1997       Matt brought a pee bottle on the trip.  It was wrapped in duct tape so that we could readily identify the bottle in the middle of the night, and was labeled, “NOT MOUNTAIN DEW.”  Having a small bladder, Matt was up as much as ten times a night to use the bottle.  Since it had an ounces indicator line on its side, the pee bottle was used for an expedition-long pissing contest.  I immediately set the standard with a 24-ounce effort, which Matt beat on the final day of the competition (in accordance with the rules of the Pissing International CommiSSion -- PISS) with a 24 ½ ounce sally.

On the second night, I returned to bed only to hear someone engaging in projectile vomiting next to our tent. This reminded me of Emily and Ray, who were slowly recovering. Emily spent almost the entire day sleeping. Because of the slow acclimatization problem, Stu mandated another rest day,  followed by a short carry up to the Canada Camp at 16,250 feet and a return to Base Camp for yet another night.

1997       Everyone was in good condition, but we took a scheduled rest day anyway – and a good thing we did!  A storm blew in from the Pacific ocean, knocking over Base Camp tents and blowing snow horizontally for most of the day.  A stream of climbers came down from the higher camps, complaining of high winds and battered tents.                

A Japanese climber wearing wet cotton clothes arrived from the Confluencia Camp, leading to some speculation that especially stupid climbers should have their odds of survival painted onto their backpacks so that the rest of us could place bets on them.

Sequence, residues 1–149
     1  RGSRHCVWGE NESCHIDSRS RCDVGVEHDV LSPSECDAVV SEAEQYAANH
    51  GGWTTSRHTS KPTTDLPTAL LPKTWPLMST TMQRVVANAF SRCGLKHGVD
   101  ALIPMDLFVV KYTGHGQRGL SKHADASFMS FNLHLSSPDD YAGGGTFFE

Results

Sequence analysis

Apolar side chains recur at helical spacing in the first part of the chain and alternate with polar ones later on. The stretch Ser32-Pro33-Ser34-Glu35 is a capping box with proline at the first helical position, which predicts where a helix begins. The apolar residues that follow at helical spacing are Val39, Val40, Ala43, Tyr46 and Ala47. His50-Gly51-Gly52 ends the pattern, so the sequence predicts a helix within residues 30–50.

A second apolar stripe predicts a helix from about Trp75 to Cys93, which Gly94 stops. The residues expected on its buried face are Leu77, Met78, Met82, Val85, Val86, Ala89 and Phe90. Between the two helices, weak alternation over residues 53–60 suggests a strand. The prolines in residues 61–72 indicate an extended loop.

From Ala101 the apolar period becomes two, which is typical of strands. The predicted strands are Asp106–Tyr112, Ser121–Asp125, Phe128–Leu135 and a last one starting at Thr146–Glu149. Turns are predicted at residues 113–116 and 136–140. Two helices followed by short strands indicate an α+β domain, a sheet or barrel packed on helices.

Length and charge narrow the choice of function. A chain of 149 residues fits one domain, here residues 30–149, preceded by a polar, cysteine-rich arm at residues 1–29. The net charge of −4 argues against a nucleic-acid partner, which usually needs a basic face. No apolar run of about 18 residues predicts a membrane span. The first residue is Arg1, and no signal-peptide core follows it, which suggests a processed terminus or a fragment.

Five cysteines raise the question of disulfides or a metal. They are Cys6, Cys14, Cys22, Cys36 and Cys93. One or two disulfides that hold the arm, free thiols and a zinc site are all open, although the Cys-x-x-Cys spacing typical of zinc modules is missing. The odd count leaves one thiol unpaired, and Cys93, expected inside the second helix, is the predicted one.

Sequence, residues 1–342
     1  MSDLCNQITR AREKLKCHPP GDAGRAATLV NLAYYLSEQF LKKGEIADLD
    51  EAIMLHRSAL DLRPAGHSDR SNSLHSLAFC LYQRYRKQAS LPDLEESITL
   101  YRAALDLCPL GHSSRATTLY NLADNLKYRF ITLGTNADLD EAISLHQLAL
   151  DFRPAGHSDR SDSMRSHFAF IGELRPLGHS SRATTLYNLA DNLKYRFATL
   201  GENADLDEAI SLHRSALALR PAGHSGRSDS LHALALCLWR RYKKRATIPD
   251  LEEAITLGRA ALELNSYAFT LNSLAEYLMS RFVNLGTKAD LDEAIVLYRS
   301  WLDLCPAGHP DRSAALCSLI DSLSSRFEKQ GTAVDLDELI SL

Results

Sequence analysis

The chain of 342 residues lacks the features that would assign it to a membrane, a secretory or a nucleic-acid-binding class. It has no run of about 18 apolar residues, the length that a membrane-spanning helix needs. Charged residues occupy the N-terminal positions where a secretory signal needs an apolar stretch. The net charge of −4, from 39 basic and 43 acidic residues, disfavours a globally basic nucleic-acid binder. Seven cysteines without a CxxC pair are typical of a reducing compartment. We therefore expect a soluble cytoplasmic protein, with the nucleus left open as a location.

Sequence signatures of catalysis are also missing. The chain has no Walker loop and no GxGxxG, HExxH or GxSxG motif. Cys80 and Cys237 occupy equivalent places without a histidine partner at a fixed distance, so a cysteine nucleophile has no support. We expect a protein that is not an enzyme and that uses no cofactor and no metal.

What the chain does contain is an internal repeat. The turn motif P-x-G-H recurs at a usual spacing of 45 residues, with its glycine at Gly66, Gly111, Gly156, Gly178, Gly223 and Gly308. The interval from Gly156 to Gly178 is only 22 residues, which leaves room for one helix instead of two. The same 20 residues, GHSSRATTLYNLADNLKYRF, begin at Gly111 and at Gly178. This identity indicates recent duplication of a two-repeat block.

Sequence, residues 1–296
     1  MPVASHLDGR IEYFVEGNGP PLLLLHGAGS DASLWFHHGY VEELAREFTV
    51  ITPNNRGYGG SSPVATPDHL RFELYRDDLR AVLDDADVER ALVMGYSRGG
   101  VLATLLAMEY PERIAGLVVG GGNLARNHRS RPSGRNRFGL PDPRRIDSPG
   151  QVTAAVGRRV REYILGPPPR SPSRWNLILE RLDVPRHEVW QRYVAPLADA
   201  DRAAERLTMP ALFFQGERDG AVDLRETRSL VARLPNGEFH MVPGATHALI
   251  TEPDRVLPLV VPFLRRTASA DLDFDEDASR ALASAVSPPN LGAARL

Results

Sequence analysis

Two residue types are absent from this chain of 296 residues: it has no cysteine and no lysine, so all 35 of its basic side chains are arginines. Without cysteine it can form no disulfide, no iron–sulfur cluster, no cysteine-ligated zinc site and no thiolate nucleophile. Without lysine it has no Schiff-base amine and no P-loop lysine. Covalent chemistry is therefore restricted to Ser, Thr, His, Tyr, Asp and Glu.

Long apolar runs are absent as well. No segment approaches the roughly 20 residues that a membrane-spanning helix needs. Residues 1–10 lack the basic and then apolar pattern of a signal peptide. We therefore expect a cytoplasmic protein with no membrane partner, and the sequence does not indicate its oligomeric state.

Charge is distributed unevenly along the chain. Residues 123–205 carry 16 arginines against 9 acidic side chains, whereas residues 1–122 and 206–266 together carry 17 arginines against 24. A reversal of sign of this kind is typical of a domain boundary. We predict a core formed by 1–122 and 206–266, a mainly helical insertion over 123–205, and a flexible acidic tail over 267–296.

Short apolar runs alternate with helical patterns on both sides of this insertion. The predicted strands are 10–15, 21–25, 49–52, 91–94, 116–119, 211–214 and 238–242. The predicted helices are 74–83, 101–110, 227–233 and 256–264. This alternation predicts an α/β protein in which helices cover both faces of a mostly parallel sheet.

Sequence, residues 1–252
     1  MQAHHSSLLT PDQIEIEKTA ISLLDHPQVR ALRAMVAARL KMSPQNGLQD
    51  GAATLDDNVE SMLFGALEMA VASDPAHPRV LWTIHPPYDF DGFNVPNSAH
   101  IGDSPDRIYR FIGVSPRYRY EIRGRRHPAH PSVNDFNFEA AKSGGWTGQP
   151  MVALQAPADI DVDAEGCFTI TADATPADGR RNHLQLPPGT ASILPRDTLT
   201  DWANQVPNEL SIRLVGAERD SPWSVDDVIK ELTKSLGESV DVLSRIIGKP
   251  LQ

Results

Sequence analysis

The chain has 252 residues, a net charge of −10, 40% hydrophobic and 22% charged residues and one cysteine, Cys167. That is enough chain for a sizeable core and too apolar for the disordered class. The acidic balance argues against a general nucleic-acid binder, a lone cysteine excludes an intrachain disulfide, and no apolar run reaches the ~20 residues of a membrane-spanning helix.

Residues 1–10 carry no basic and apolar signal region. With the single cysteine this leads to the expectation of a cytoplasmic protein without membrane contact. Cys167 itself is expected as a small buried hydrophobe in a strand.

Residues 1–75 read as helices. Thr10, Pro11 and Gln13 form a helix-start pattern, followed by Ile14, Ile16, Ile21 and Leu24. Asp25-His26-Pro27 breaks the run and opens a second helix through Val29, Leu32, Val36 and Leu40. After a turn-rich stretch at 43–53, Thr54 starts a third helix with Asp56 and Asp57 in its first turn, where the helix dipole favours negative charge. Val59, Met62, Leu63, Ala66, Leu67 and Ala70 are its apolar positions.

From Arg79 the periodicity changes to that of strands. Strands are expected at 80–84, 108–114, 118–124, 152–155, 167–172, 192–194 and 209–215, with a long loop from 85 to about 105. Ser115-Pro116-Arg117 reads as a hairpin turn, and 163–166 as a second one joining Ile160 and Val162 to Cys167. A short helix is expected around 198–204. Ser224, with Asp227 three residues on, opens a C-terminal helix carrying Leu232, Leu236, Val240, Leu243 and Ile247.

I went to bed that night listening to Schumann’s third symphony on a Walkman.  Matt listened the selections by Big Head Todd and the Monsters.  There must be a generation gap.

The next day provided some interesting viewing. We spent the better part of the day watching a group of climbers ascend a peak at the head of the valley, Mount Cuerno (17,920 feet high). The group was painfully slow, and seemed to be stuck in a snow field high on the peak as the sun was setting. We took turns watching through Paul's binoculars until the setting sun washed out their figures. In the meantime, a group of Argentine rescuers were hauling down the body of the Japanese climber who had died several days before. They dragged a sledge down into Base Camp with his yellow-clad body lashed to it.  The next morning, they tied the body to a mule (a tough job, since the body was frozen solid) and hauled it back to the highway.                

As the body descended, we ascended. We carried 25-pound loads up a long series of switch-backs to the Canada Camp at 16,250 feet. This was a dreary process of lining up and staring at the feet of the person in front of us for two to three hours while shuffling through the dirt and wincing as wind blasted through, pelting us with dirt. A difference in conditioning was immediately apparent as our line of hikers strung out from the moment we left Base Camp.

1997       It was apparent that our use of a small, very fit climbing team over the less-energetic team of the previous year was going to work very well.  We packed loads up to Canada Camp at high speed and dropped back down to Base Camp with no ill effects.

Canada Camp is situated in one of the prettier spots on the mountain, with precipitous drops on three sides (not good for sleep walkers) that afforded great views of Base Camp, the hotel, and the other peaks surrounding the valley. Unfortunately, it was also covered with turds. No one seemed to have any conception of public health, and just dropped trou in any convenient spot. This also created a problem with toilet paper, which flew about the camp site in the most annoying fashion and fastened itself to embarrassing spots like your forehead. Since this toilet paper had been used, it earned the affectionate nickname of the "brown-breasted seagull."                

After locking our gear into some duffel bags that were stashed under a heap of rocks, Stu used a different approach to descend -- running straight down the peak, which involved making giant leaps through the scree and stirring up choking clouds of dust through which the next person in line had to pass.  As a result, it looked like a long line of tornadoes was descending the peak. In this fashion we reached Base Camp in only a half-hour.